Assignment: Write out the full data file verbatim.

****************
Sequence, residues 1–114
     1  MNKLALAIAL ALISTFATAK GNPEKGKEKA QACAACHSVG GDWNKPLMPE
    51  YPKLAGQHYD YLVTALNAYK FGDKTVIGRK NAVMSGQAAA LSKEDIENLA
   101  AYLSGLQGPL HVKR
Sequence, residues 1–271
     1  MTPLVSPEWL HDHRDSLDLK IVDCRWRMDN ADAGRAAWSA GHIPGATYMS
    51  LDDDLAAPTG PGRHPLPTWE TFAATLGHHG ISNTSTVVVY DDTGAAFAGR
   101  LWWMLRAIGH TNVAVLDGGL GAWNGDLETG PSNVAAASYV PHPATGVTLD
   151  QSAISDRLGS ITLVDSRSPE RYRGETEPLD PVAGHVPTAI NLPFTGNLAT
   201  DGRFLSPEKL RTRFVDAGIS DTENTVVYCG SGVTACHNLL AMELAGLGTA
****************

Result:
Sequence, residues 1–114
     1  MNKLALAIAL ALISTFATAK GNPEKGKEKA QACAACHSVG GDWNKPLMPE
    51  YPKLAGQHYD YLVTALNAYK FGDKTVIGRK NAVMSGQAAA LSKEDIENLA
   101  AYLSGLQGPL HVKR
Sequence, residues 1–271
     1  MTPLVSPEWL HDHRDSLDLK IVDCRWRMDN ADAGRAAWSA GHIPGATYMS
    51  LDDDLAAPTG PGRHPLPTWE TFAATLGHHG ISNTSTVVVY DDTGAAFAGR
   101  LWWMLRAIGH TNVAVLDGGL GAWNGDLETG PSNVAAASYV PHPATGVTLD
   151  QSAISDRLGS ITLVDSRSPE RYRGETEPLD PVAGHVPTAI NLPFTGNLAT
   201  DGRFLSPEKL RTRFVDAGIS DTENTVVYCG SGVTACHNLL AMELAGLGTA